Radeon RX 6500 XT, GeForce RTX 3050 And Intel Arc A380 On Track For A Budget GPU Brawl

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Given inflated prices and limited availability making it difficult for consumers to buy graphics cards, it's been a reasonable play for PC gamers to build machines with the intent to game on their integrated graphics solutions in the interim. Modern IGPs from Intel and especially AMD are quite capable, and can hold their own even in many modern games—as long as you keep the resolution low.

If you're one of those folks with a fairly-new rig based on a Ryzen 5 5600G or Core i5-12600K just waiting for a GPU to slap down into your system, you might be in luck early next year, because AMD, NVIDIA, and even Intel all appear to have entry-level graphics cards on the way. We've reported before on the Radeon RX 6500 XT, the Radeon RX 6400, and the GeForce RTX 3050, but today we have some confirmation of the details of those parts, as well as news of a low-end Intel Arc card.

First up is the Radeon report. We previously mentioned that the Radeon RX 6500 XT would likely be based on the Navi 24 GPU, codenamed "Beige Goby." That GPU is purported to possess eight RDNA 2 Work Group Processors (WGPs) giving it a total of 1,024 stream processors, and it is claimed to be connected to 4GB of 14-Gbps GDDR6 memory across a 64-bit bus. The latest information corroborates those specifications, but adds the detail that the RX 6500 XT specifically will require a peripheral power connector.

Meanwhile, the Radeon RX 6400 will use the same GPU in slightly cut-down format; sporting six WGPs instead of eight, it will thus have 768 stream processors. Otherwise it will be the same, including the 4GB of GDDR6 memory and 64-bit bus width, although according to Videocardz' unnamed source, it will not require a peripheral power connector like its bigger brother.

These will probably be the cheapest video cards to date with hardware acceleration for DirectX Ray-tracing (DXR). It will be interesting to observe DXR performance on these cards; with just two ray acceleration units per WGP, RDNA2's ray-tracing performance isn't outstanding, and such small GPUs with limited memory bandwidth may not be able to make much use of the feature at all. Both of these cards are apparently due in Q1 2022.

On the NVIDIA side of things, kopite7kimi tweeted today with an update to his take on the RTX 3050. With this, he agrees with the last leak that implied the RTX 3050 had been moved up a notch to specifications originally intended to be branded "RTX 3050 Ti." That is to say that the desktop RTX 3050 will apparently be based on "GA106-150-Kx-A1" silicon, rather than the smaller GA107 GPU that is used in laptops.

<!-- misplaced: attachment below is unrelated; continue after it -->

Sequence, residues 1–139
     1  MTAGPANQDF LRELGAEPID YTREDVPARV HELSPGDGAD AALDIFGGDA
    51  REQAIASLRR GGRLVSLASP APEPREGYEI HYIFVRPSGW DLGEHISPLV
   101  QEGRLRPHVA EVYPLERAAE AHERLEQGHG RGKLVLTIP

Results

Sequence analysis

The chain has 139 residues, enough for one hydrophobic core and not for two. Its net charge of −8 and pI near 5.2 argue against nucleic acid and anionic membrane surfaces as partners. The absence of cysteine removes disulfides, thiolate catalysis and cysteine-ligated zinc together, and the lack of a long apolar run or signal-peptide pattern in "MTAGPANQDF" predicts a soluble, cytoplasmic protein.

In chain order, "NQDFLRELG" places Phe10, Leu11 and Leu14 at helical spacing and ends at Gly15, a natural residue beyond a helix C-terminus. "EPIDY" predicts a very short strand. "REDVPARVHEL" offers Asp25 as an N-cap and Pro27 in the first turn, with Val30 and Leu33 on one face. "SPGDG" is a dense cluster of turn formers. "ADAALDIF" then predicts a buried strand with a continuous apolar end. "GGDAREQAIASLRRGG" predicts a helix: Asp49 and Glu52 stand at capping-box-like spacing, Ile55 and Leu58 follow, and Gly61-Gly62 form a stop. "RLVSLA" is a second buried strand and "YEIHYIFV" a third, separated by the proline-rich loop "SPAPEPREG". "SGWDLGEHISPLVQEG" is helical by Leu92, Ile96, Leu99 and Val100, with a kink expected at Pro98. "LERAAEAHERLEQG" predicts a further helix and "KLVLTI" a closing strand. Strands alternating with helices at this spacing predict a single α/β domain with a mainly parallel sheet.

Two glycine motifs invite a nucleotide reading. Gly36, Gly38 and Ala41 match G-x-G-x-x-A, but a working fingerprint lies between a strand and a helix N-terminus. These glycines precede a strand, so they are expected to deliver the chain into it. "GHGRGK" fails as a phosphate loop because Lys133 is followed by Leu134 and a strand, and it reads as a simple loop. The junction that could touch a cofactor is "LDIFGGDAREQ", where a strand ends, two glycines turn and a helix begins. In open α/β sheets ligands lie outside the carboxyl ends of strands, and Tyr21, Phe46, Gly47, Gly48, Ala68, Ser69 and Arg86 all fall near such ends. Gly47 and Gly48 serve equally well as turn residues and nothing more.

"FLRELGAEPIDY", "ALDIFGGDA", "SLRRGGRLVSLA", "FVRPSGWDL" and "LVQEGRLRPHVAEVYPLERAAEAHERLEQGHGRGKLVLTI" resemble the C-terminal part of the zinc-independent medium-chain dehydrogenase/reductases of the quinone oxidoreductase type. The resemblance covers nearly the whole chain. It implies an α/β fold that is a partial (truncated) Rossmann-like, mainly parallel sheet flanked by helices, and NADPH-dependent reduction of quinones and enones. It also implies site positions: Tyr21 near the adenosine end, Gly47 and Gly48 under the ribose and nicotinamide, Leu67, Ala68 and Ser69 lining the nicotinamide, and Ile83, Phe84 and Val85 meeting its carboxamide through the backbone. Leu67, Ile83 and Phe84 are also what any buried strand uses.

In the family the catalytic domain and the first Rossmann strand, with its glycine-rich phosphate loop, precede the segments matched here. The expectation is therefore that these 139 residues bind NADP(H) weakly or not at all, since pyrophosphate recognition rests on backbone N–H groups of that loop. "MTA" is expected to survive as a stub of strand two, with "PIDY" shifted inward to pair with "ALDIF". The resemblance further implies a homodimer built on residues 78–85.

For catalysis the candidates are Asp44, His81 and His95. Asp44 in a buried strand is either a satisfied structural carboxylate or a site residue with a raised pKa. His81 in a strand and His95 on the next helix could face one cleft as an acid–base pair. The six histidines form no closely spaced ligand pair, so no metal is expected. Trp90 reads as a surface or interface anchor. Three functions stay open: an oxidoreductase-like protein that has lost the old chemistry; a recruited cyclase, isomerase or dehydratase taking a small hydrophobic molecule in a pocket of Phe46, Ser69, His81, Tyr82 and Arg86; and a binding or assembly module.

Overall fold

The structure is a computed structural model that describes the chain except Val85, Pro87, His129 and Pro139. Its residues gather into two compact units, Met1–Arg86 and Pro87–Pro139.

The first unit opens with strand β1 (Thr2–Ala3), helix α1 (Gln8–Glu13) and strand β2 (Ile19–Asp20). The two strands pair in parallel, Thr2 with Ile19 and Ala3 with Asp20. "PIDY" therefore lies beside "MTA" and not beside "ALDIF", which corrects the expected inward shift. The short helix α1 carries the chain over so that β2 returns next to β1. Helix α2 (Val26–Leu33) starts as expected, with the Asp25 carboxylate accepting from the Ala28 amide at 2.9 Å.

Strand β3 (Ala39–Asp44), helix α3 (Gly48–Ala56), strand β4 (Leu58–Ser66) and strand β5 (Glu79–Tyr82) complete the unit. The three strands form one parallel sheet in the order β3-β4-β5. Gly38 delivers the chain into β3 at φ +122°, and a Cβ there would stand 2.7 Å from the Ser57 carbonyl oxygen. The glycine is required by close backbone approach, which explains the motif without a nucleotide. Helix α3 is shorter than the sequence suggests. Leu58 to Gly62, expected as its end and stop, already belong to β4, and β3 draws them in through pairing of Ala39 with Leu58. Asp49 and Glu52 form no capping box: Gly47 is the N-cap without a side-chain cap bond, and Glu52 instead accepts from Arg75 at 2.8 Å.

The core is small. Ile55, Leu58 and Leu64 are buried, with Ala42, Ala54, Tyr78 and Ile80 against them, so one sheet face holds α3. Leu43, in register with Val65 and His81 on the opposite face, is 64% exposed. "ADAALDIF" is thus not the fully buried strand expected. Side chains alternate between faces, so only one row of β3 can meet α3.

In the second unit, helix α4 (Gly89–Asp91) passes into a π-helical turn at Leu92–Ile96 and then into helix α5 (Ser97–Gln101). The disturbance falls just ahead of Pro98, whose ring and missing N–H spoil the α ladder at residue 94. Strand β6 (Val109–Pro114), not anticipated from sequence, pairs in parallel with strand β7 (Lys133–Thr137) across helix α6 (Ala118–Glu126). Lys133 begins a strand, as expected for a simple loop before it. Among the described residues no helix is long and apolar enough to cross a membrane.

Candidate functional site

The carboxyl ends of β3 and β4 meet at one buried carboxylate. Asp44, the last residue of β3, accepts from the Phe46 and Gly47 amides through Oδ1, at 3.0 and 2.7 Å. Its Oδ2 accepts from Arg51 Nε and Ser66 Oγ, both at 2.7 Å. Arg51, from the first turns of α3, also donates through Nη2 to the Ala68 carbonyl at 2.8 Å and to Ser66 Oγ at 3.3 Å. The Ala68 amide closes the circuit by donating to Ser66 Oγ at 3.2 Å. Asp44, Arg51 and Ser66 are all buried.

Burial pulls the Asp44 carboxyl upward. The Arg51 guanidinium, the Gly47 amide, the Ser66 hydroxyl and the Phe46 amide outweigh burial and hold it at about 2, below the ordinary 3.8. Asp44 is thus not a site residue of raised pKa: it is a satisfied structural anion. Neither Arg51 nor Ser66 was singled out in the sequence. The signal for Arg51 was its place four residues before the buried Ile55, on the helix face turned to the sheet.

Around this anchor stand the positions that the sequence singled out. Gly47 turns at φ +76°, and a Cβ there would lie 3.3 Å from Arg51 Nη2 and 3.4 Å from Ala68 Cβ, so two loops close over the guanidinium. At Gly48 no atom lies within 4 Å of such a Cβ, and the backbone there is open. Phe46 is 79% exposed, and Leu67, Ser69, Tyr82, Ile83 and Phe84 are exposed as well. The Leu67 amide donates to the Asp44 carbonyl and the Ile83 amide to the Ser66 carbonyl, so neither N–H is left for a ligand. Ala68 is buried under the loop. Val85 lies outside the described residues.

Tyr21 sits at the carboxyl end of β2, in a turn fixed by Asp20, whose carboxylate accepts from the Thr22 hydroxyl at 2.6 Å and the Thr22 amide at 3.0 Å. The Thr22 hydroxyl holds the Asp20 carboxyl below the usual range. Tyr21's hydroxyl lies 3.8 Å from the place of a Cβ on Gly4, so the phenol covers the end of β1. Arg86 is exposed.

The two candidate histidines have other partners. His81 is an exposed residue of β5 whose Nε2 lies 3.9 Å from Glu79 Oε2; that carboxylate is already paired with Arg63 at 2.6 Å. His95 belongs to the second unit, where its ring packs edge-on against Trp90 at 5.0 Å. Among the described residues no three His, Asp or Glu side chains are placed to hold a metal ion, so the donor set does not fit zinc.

That puts the GeForce RTX 3050 well ahead of its budget gaming competition from the red and blue teams, at least in terms of specifications. Thanks to the GA106 upgrade, we expect the RTX 3050 to come in with some 3,072 shader processors (ahem, "CUDA cores"), as well as a 128-bit memory bus connected to fully 8 GB of GDDR6 memory. As a result, we reckon the new baby GeForce will be priced well ahead of its supposed competition when it arrives a bit later, in Q2 of next year.

Finally, the Intel news. Well-respected Twitter leakster @TUM_APISAK mentioned an upcoming Intel graphics card by name yesterday morning, known as "Arc A380". He seems to indicate that it will be using the DG2 GPU with 128 execution units (EUs), which would give it 1,024 shader processors. He also specifies a clock rate—2.45GHz—and a memory capacity of 6GB.

It's not clear whether this is intended to be a mobile or desktop GPU, but with a relatively high GPU clock rate of 2.45 GHz we'd be surprised to see this part in laptops. Indeed, it seems more like an entry-level desktop card, but with such a small GPU a 192-bit bus seems unlikely, giving us an unusual 96-bit bus width for the 6GB of memory.

TUM_APISAK comments that the performance is similar to a GeForce GTX 1650 SUPER, which is pretty underwhelming for a part coming out early next year. Hopefully this similarly-small GPU can be found in single-slot and low-profile form, because that kind of performance in a tiny graphics card is still something to appreciate. It's also possible that the preliminary benchmarks that the leaker is referencing are laboring under premature drivers.

Before any of these cards hit, we've got the GeForce RTX 2060 12GB, which lands next week. There's also still the looming prospect of a GeForce 3000-series refresh early next year. Here's hoping that some of us can actually get our hands on any of these GPUs.